It was 1966. The military had no response and prevention program, as it does today, and there were no protections for troops who reported assaults. Homosexuality was not just forbidden in the ranks, it was seen as a national security threat.

“If you came forward and said you were raped, people would have thought you were a queer or a child molester — you were treated like it was your fault,” said Williams, who now lives in Everett, Washington.

After the attack, Williams said, he did all that he felt he could do. He took a shower and went back to bed.

The sergeant raped him twice more during basic training, he said. Each time, Williams stayed quiet, determined to make it through boot camp.


But as soon as Williams graduated, he reported what had happened to Air Force authorities, expecting them to jail his attacker and start an investigation.

The anger still trembles in his voice decades later when he describes the Air Force’s response.

“No investigator ever called me,” he said. “Nothing was ever done.”

Instead, his chain of command began to complain about his performance, he said, because the rapes had left him with damaged kidneys and a torn rectum, and because he was missing too much training in order to get treatment. He was soon forced out of the Air Force for being medically unfit, his service record shows.

Today, veterans like Williams are coming forward in growing numbers to demand that the Department of Veterans Affairs provide treatment and compensation for the harm done to them. Some 61,000 veterans, including Williams, are now formally recognized by the department as having been sexually traumatized during their service, and the number of claims filed each year has surged by 70% since 2010.

A monthly check is poor compensation, though, for decades spent in limbo.

“I had a future, I wanted to serve my country, and I was good at what I did,” Williams said. “That was all taken away from me.”


Enlisted in the Marine Corps, assaulted in 2014

Ethan Hanson has avoided taking showers since he left the Marine Corps in 2014. Instead, he runs an inch and a half of warm water in a bathtub, then rinses quickly with a plastic cup, with each splash evoking a painful moan.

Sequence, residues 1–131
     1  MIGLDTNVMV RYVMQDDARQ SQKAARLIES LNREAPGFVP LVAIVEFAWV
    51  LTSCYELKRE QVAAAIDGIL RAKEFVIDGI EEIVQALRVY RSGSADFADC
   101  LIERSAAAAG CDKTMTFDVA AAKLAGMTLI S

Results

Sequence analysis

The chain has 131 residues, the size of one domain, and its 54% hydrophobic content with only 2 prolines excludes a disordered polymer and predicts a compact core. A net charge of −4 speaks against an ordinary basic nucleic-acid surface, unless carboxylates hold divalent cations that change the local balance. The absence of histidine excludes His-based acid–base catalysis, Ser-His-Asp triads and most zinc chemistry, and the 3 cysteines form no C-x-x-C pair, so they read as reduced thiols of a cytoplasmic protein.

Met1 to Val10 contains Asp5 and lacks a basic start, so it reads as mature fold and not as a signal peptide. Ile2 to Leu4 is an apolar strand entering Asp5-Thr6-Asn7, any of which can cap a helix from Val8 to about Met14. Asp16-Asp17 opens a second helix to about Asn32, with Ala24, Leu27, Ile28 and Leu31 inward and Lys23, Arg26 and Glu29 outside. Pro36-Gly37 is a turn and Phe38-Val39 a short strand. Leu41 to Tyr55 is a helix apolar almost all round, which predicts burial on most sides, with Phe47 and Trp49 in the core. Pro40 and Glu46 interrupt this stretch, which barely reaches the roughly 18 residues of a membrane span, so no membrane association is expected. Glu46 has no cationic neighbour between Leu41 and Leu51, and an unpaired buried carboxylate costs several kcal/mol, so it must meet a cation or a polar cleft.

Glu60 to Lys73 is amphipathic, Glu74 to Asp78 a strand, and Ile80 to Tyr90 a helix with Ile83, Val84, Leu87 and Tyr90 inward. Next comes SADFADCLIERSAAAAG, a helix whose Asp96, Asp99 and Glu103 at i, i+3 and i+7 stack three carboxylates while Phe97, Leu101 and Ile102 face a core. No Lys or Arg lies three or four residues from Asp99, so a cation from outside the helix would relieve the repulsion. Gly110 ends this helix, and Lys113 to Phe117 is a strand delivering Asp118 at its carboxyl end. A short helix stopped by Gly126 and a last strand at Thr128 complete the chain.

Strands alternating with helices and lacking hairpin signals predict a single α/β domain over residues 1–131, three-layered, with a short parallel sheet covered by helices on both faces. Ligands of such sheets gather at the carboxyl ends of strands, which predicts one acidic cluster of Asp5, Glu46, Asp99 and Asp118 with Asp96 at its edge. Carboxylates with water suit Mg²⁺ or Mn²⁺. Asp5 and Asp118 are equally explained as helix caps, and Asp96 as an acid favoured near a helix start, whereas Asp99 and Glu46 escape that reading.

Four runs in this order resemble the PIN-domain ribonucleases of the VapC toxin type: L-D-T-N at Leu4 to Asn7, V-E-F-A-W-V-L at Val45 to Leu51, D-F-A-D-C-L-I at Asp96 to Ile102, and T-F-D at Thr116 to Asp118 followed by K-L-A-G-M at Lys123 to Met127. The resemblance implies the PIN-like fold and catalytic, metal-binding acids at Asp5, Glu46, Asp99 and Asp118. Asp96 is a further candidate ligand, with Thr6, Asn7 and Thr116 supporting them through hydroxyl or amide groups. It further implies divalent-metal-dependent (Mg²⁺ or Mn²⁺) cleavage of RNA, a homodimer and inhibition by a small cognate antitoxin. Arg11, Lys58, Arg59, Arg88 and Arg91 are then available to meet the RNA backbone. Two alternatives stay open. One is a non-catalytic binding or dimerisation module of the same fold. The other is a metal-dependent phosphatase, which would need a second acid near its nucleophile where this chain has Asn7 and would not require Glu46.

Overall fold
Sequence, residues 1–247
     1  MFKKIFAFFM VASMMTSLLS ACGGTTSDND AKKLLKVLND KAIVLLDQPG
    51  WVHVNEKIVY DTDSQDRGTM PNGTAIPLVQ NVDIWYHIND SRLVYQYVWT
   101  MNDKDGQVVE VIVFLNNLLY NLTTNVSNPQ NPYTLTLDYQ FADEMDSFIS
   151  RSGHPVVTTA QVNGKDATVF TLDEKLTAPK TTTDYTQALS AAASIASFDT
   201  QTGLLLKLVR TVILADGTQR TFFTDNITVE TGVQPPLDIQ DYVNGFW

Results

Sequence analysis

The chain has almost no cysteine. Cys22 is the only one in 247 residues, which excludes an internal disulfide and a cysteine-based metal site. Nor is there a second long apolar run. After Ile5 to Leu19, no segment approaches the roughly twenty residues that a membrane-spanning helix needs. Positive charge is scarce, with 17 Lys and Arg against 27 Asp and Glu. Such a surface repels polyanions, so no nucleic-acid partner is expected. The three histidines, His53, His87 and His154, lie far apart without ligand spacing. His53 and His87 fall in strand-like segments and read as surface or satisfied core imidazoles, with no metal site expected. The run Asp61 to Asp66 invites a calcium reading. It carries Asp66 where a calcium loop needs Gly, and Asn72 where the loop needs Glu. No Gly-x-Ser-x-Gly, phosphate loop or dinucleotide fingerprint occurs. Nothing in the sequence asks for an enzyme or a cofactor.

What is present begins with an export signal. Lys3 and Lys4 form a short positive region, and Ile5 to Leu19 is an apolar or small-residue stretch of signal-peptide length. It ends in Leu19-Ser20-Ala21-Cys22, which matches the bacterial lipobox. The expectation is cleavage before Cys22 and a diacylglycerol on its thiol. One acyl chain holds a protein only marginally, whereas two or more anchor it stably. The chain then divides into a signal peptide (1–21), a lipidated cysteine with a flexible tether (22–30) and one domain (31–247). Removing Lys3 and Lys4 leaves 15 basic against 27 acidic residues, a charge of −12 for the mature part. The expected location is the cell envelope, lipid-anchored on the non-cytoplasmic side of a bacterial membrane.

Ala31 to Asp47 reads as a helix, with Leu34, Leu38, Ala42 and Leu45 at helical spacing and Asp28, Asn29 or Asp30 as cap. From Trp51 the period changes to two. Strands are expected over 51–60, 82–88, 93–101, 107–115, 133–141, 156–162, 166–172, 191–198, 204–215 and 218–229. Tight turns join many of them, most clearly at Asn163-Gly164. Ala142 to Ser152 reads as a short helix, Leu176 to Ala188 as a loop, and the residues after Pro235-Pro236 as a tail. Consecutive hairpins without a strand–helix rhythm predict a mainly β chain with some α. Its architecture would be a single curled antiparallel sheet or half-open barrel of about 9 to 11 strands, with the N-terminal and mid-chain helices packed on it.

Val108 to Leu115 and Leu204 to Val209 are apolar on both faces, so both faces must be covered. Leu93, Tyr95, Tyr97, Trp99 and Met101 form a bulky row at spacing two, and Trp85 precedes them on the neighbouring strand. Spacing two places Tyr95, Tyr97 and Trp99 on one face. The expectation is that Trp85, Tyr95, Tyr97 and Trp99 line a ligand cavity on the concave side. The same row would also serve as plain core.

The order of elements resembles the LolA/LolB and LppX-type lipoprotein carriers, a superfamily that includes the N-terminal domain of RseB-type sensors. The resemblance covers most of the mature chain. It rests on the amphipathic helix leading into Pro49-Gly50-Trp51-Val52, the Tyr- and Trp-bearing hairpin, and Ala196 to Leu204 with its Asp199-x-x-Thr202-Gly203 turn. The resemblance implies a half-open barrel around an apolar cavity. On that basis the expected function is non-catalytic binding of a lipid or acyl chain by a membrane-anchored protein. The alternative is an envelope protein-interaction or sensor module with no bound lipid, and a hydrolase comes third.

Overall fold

“When I do come into contact with steam, hot water, anything that makes my skin slippery,” he said as he looked around the bathroom in his house in Austin, Minnesota, “honestly, it makes me want to vomit.”

Hanson was one of a group of Marine recruits who were sexually assaulted in the showers during boot camp at Camp Pendleton, California. Like many of the sexual assaults on servicemen, it was a hazing exercise, meant to humiliate and intimidate young troops.

According to a Rand Corp. study, 1 in 3 men who are sexually assaulted in the military describe the offense as hazing or bullying — twice the rate reported by women who are sexually assaulted.

It happened to Hanson after an exhausting morning running the obstacle course. The platoon was showering when a drill instructor marched into the steamy room, angry that he had heard talking. He ordered the 60 naked recruits to pack themselves into a tight line against the wall, genitals pressed up against backsides. After holding them in that position for several minutes, he ordered them to run to the other side of the room and line up again, then back to the first side.


“It was back and forth for more than an hour,” Hanson said.

In the following days, several of the recruits reported the episode to their chain of command, and the drill instructor was prosecuted. Hanson has a copy of the Marine Corps investigative report confirming that the episode took place.

Hanson graduated from basic training and tried to move on, but soon afterward he saw a Marine dressed like the drill instructor, and had a panic attack.

He told his superiors that he was suicidal, and was sent to a Navy hospital. But when his mental health did not improve after four weeks, the Marine Corps forced him out of the service, noting on his discharge papers that it was for “failure to adapt to military life.”

“It’s their way of saying, it’s my fault, not theirs,” Hanson said of the discharge. “If I was injured in training, they would have to treat me and compensate me. But they said this was a preexisting condition.”

The Department of Veterans Affairs has since formally recognized his case as one of service-connected sexual trauma.